Intermittent fasting – briefly
This article reviews the book “Fasting Can Save Your Life” by Dr. Herbert Shelton, MD, originally published in 1964. Briefly, it is an illusion to believe that you cannot gain health and build strength without eating. You are nourished not by what you eat, but by what you absorb, assimilate, and excrete. Shelton points out that fasting:
- is not starvation,
- gives your digestive system a rest, and
- is optimal individually, that is twenty-four hours of drinking water and tea is healthy for some, while fasting for a longer time can be better for others.
This insightful fifty-six minute documentary video explains the science of fasting.
Except in Russia, there are few if any clinical trials that proves that fasting works to gain health, but who would sponsor such a clinical trial? Has anybody ever done a clinical trial to prove that water is a cure for dehydration? Is there a clinical trial that proves that prunes have a laxative effect?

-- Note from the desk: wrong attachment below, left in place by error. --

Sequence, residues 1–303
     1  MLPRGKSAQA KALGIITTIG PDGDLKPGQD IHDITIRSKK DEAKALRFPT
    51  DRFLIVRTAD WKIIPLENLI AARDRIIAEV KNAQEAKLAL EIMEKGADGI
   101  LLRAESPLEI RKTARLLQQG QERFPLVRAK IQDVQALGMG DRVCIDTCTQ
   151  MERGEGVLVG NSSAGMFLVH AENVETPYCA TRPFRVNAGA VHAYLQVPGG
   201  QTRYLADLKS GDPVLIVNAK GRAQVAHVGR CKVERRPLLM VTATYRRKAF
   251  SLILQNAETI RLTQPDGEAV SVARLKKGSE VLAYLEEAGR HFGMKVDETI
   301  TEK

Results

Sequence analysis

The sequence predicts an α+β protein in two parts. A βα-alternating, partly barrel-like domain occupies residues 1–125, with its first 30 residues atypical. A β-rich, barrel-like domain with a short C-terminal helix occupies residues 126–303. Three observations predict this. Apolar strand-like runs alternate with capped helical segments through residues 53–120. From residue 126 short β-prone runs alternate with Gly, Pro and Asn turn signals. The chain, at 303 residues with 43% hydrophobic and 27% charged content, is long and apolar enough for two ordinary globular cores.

Drs. Longo and Mattson refer to the clinical applications of fasting, particularly for the ageing.
The term “intermittent fasting” can also refer to the practice of limiting the number of hours in the day that you eat. For example, this sort of intermittent fasting could restrict eating to an eight-hour window between eight in the morning and four o’clock in the afternoon. This may give the digestive system a daily rest of sixteen hours. This method requires self-discipline. I have never tried it myself, but some people enthusiastically claim that it works for them. Try it for yourself and see.
If you have a medical condition, see a doctor.
Shelton, Dr. Herbert MD, “Fasting Can Save Your Life“, 1964, American Natural Hygiene Society
Mattson, Longo, and Harvie, “Impact of intermittent fasting on health and disease processes”, Ageing Research Reviews, 2017 Oct;39:46-58., here
Longo and Mattson, “Fasting: molecular mechanisms and clinical applications”, Cell Metabolism, 2014 Feb 4;19(2):181-92, here